UI study will examine effects of chemicals on child development

URBANA — Hundreds of expectant local mothers will be recruited this fall to help study the effects on child development from common chemicals found in plastics, sunscreens and antibacterial products.

The Illinois Kids Development Study — called the I-KIDS project, a federally funded University of Illinois research project — was launched in 2010.

Now the study is being expanded for another five years with an $8 million grant from the U.S. Environmental Protection Agency and the National Institute of Environmental Health Sciences.

The new money will allow for broadening the research and recruiting 600 more expectant mothers through doctors' offices at Carle Physician Group and Christie Clinic, with the hope of ending up with 500 more mother-infant pairs, said research director Susan Schantz, a professor of environmental toxicology in the College of Veterinary Medicine's comparative biosciences department.

Moms, this is going to take some time.

Researchers will want to stay in touch with you and your child for follow-up for about five years, Schantz said.

Time commitment hasn't been a problem with the first part of the research, she said. The women involved so far have been "just wonderful."

"Most of them have stuck with us," she added.

The initial project enrolled 157 mother-infant pairs and involved a study of the effects of two commonly used chemicals in plastics, BPA (bisphenol A) and phthalates.

The next five years will continue work with those two chemicals and add triclosan, which is used in antibacterial products and parabens commonly found in cosmetics, sunscreens and shampoos, Schantz said.

BPA is used in clear plastics, dental fillings, electronics, food and drink containers, and lining of metal food cans.

Many more BPA-free products are available these days than in years past, Schantz said, "but one of the main ways people are exposed is in the lining of food cans. They haven't discovered a good alternative for that yet."

Phthalates, used to make plastics more flexible and durable, are also found in cosmetics, building materials, food wrappers, textiles, toys and in the coating of some time-release mediations.

They're still in general use, Schantz said, and haven't been the focus of as much attention as BPA.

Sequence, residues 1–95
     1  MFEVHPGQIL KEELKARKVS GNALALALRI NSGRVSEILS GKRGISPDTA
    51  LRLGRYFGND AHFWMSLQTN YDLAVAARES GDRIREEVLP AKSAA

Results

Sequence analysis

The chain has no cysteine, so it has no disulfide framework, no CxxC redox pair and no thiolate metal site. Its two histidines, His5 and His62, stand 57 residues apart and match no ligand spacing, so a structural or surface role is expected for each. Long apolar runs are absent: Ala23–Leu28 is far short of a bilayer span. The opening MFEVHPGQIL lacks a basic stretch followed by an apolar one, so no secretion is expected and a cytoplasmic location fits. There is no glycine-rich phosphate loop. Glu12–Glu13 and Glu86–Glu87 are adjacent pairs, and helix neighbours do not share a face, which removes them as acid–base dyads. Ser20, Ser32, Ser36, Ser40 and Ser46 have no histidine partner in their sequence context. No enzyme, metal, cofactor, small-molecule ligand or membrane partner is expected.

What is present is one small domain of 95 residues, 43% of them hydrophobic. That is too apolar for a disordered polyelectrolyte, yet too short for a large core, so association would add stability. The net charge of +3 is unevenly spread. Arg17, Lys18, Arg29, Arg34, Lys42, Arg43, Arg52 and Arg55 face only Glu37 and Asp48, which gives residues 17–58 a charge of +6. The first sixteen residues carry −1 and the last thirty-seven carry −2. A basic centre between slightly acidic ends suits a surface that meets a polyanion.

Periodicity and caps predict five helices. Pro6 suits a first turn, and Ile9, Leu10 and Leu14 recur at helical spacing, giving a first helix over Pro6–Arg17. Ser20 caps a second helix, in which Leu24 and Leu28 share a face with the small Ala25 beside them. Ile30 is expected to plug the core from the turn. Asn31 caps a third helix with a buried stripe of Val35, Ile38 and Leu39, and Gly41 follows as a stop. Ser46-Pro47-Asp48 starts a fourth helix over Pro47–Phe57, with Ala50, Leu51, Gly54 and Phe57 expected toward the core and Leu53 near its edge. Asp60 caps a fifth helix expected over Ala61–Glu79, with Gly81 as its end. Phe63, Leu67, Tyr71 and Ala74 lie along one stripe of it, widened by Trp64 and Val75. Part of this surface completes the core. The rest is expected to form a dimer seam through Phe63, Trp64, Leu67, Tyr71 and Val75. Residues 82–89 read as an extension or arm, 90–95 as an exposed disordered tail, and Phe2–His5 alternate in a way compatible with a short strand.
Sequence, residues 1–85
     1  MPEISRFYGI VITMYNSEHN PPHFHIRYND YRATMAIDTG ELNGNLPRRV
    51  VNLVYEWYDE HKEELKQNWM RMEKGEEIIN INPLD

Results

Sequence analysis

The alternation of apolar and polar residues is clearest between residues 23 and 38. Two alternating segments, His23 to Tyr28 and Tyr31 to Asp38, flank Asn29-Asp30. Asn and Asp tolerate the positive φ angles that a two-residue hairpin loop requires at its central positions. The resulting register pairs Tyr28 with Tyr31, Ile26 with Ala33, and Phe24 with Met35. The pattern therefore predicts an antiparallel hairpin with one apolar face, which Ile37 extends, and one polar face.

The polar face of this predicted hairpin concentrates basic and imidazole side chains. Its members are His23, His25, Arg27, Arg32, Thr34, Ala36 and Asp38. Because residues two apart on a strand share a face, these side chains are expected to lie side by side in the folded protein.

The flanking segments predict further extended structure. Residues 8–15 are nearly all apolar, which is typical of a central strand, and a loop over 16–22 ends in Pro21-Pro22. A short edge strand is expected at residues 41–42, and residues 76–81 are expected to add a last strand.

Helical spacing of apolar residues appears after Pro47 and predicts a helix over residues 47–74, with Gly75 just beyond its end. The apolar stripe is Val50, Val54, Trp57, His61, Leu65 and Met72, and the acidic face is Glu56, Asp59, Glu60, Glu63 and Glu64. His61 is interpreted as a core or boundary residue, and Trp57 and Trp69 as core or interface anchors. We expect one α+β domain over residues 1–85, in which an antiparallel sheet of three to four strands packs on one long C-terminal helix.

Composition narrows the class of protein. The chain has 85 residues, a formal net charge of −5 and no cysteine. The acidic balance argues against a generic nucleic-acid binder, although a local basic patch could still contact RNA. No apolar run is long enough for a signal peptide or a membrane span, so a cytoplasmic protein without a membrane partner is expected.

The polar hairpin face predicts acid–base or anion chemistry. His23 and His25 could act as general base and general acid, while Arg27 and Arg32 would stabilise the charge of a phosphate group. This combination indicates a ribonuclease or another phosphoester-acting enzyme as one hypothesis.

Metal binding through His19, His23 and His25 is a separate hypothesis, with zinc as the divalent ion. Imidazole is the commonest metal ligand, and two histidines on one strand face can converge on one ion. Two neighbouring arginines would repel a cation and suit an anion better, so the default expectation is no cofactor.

Little is known how either chemical affects human development, but both function as endocrine disruptors, she said.

Endocrine disruptors are chemicals that may interfere with the hormone system and produce adverse developmental, reproductive, neurological and immune effects in both people and wildlife, according to the National Institutes of Health.

Tests done on 69 women in the first phase of the study showed phthalates turned up in 100 percent of the women and BPA turned up in 95 percent of the women, Schantz said.

Researchers also learned there was a wide range of products used by the women, and they hope to dig deeper into product use to learn more about higher and lower chemical exposures, she said.

Because the next phase of research involves a larger group of women, Schantz said, it's important to take advantage of that and broaden the scope of chemicals being studied. Little is known about effects of triclosan and paraban on people, though both are in many commonly used products, she said.

The next phase of the research will also address how endocrine disruptors interact with diets high in saturated fat — and how that may affect two important development periods in a child's life: the prenatal time and adolescence.

Maternal weight information will also be included in this new research. Some studies have suggested BPA contributes to obesity, Schantz said.

The I-KIDS project is being done as part of the Children's Environmental Health and Disease Prevention Research Center program, which encompasses three other studies, including one involving adolescents being done at Harvard Medical School. Two other studies being done with rodents and designed to complement the human studies, are being led by Jodi Flaws, a UI comparative biosciences professor, and UI psychology Professor Janice Juraska.

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